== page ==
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Author: Novartis Europharm Ltd.


Long information

What is it?

Xolair is a medicine that contains the active substance omalizumab. It is available in two forms: as a vial containing a powder and solvent that are made up into a solution for injection; and as a prefilled syringe containing a solution for injection. Each vial and syringe contains 75 or 150 mg of omalizumab.

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Table of Contents
What is it used for?
How is it used?
How does it work?
How has it been studied?
What benefits has it shown during the studies?
What is the risk associated?
Why has it been approved?

What is it used for?

Xolair is used to improve the control of severe persistent asthma that is caused by an allergy. It is used as an add-on to existing asthma treatment in patients aged six years or over.

All patients receiving Xolair must meet the following criteria:

they must have had a positive skin test result for an allergy caused by an allergen a stimulus that causes an allergy in the air, such as house dust mites, pollen or mould

they must have frequent symptoms during the day or waking up during the night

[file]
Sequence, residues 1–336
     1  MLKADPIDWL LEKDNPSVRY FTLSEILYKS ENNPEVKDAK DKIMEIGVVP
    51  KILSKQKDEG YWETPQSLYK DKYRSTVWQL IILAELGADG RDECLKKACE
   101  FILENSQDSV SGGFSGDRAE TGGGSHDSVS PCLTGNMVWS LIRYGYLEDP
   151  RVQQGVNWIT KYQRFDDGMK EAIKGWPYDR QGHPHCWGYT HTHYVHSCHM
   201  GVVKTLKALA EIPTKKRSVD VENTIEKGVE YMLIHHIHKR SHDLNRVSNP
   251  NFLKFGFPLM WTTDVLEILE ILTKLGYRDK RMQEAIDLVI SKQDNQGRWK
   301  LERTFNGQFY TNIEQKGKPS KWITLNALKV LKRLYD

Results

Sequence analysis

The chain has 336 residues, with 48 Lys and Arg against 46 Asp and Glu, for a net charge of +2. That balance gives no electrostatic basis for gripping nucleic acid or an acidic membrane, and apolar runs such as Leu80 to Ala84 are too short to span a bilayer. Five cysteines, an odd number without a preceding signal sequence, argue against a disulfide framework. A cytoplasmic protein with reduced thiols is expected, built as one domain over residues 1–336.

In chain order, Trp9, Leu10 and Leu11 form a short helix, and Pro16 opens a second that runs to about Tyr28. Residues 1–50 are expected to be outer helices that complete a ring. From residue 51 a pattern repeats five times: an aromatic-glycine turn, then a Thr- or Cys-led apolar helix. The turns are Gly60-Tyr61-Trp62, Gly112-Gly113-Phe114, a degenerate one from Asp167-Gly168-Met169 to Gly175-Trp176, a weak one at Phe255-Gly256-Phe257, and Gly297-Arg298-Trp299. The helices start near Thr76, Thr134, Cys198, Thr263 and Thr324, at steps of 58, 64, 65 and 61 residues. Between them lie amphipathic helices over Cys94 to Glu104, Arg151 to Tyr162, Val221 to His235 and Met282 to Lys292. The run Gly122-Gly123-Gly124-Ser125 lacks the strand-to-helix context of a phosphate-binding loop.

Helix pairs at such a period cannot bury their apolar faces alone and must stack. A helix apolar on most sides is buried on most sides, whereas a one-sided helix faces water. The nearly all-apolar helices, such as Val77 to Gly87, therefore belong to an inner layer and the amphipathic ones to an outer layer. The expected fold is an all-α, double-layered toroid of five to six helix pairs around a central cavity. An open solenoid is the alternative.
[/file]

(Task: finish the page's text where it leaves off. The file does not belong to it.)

they must have had many severe exacerbations of asthma where asthma gets worse, requiring rescue treatment with other medicines despite treatment with high doses of inhaled corticosteroids plus a long-acting inhaled beta2 agonist.

Patients aged 12 years or over must also have reduced lung function (less than 80% of normal).

For patients of all ages, Xolair treatment should only be considered when the asthma is caused by an antibody called immunoglobulin E (IgE).

The medicine can only be obtained with a prescription.

How is it used?

Xolair treatment should be started by a doctor who has experience in the treatment of severe persistent asthma.

Before giving Xolair, the doctor must measure the level of IgE in the patient?s blood. Patients with low IgE levels are less likely to benefit from the medicine. Xolair is given by a healthcare professional as an injection under the skin of the shoulder or the thigh every two or four weeks. The dose of Xolair and how often it is given depend on the level of IgE in the blood and body weight. The usual dose range is between 75 and 600 mg in one to four injections, and the maximum recommended dose is 600 mg every two weeks.

Xolair is intended for long-term use. It usually takes 12 to 16 weeks for Xolair to show a benefit. See the summary of product characteristics (also part of the EPAR) for further information.

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How does it work?

The active substance in Xolair, omalizumab, is a monoclonal antibody. A monoclonal antibody is an antibody (a type of protein) that has been designed to recognise and attach to a specific structure (called an antigen) in the body. Omalizumab has been designed to attach to human IgE, which is produced in large quantities in patients with allergies and triggers an allergic reaction in response to an allergen. By attaching to IgE, omalizumab ?mops up? the free IgE circulating in the blood. This means that when the body encounters an allergen, there is less IgE available to trigger an allergic reaction. This helps to reduce the symptoms of allergy, such as asthma attacks.